“I said to R.C.,” Gingrich said with a grin, referring to his spokesman, R.C. Hammond, “where are all our friends? And R.C. said, ‘Wait till we get on the plane.’ ”
Gingrich, who led in Iowa just a few weeks ago and then saw his support wither under a barrage of negative attacks, won 13 percent of the vote in Iowa, finishing behind former Massachusetts governor Mitt Romney, former senator Rick Santorum (Pa.) and Rep. Ron Paul (Tex.).
He has vowed to counter the “biggest onslaught” of negative advertising “in the history of the Iowa caucuses” by going after the man whose supporters were largely responsible for it: Romney, who squeaked to first place in Iowa on Tuesday by a mere eight votes.
“This is going to be a debate that begins tomorrow morning in New Hampshire and will go on for months,” Gingrich had told his supporters at a sparsely attended election-night party before leaving downtown Des Moines.
Gingrich had already begun calling Romney a liar, accusing him not only of misrepresenting his moderate record but of dodging responsibility for the barrage of attack ads paid for by a super PAC supporting him. Gingrich also took out a full-page ad in the Wednesday edition of the Manchester Union Leader, New Hampshire’s largest newspaper.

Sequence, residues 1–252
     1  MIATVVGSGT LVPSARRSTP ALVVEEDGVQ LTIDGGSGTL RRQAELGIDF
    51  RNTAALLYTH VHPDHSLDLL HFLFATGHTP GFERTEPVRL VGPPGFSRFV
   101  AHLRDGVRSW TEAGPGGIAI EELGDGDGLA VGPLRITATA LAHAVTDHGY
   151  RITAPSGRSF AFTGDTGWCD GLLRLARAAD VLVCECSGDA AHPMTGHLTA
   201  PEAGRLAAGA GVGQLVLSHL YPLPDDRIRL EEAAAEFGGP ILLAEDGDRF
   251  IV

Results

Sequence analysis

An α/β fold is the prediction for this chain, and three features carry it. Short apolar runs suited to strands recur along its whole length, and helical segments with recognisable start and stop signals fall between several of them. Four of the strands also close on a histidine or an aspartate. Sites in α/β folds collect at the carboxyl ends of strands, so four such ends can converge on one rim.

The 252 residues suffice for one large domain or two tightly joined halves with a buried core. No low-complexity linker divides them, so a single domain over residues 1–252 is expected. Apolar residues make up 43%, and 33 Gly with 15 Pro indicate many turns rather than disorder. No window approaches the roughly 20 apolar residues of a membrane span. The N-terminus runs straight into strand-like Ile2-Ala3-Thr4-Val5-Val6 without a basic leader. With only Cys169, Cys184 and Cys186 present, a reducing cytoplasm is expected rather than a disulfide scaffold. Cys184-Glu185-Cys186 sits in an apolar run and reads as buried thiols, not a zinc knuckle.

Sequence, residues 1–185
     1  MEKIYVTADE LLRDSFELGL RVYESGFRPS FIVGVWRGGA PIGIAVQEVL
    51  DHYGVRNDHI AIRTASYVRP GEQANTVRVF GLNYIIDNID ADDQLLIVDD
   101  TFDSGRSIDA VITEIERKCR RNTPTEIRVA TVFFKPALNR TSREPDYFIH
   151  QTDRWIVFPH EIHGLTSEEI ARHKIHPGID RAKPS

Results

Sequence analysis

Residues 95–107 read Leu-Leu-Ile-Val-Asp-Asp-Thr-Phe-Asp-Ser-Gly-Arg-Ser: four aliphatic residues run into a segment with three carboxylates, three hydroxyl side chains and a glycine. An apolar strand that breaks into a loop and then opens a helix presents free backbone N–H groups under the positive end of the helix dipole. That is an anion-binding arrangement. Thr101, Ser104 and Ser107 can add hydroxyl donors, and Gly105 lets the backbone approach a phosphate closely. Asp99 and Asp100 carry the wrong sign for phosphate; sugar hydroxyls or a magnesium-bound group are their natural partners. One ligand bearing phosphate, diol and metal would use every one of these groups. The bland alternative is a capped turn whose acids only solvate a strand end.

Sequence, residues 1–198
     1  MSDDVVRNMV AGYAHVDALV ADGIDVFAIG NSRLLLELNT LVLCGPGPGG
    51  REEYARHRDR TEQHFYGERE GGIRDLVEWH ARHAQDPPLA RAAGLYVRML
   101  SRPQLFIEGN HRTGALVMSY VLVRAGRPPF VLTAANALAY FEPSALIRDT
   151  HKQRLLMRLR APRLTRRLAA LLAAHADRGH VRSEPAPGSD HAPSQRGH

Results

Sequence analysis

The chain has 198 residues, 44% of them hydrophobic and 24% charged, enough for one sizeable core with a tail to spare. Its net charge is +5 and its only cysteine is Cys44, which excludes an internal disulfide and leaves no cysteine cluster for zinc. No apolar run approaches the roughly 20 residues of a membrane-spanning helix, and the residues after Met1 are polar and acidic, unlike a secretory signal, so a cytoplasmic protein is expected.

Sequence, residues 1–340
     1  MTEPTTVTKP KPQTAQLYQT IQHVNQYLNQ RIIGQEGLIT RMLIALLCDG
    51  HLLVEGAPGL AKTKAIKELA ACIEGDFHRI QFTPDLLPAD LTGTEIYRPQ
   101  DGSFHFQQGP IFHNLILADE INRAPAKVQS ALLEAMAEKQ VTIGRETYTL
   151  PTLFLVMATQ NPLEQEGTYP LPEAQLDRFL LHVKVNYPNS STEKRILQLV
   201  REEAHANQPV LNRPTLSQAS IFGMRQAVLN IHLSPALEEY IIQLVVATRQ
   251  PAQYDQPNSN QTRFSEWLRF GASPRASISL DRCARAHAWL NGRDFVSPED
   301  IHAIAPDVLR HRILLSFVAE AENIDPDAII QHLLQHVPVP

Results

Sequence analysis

Under the banner headline “The Choice,” the ad features pictures of Gingrich, a “Bold Reagan Conservative,” and Romney, who it labels a “Timid Massachusetts Moderate.”
It seemed as if Gingrich were laying the groundwork for a blitz. It would start in a few hours, when he would begin a seven-day swing through New Hampshire leading up to next Tuesday’s primary.
It seemed that Gingrich knew exactly what he was doing.
If so, then he was the only one. Gingrich expects to be helped by the suspension of Texas Gov. Rick Perry’s campaign, which could consolidate voters who oppose Romney. He is hoping for a boost from two upcoming debates in New Hampshire.
But no ads pummeling Romney are on television yet — in New Hampshire or anywhere else. Gingrich’s campaign won’t say how much money it has to buy such ads. Asked on the airplane how this blitz will look and when it will start, Gingrich did little more than smile.
“When are you going up on the air?”
“Before the New Hampshire primary?”
And then a question for the questioner from Gingrich’s wife, Callista: “What did he say?” She couldn’t quite hear her husband’s confident purr, but it was as if she, too, were curious when the next phase of the campaign would begin.
“I need to figure out what message will work,” the candidate said.
“Okay,” replied Callista Gingrich, her arms crossed over her red blazer as if to signal the time for this unsatisfying conversation to end. “Time to buckle in,” she said to the reporters.
Time for her and her husband to buckle in, too.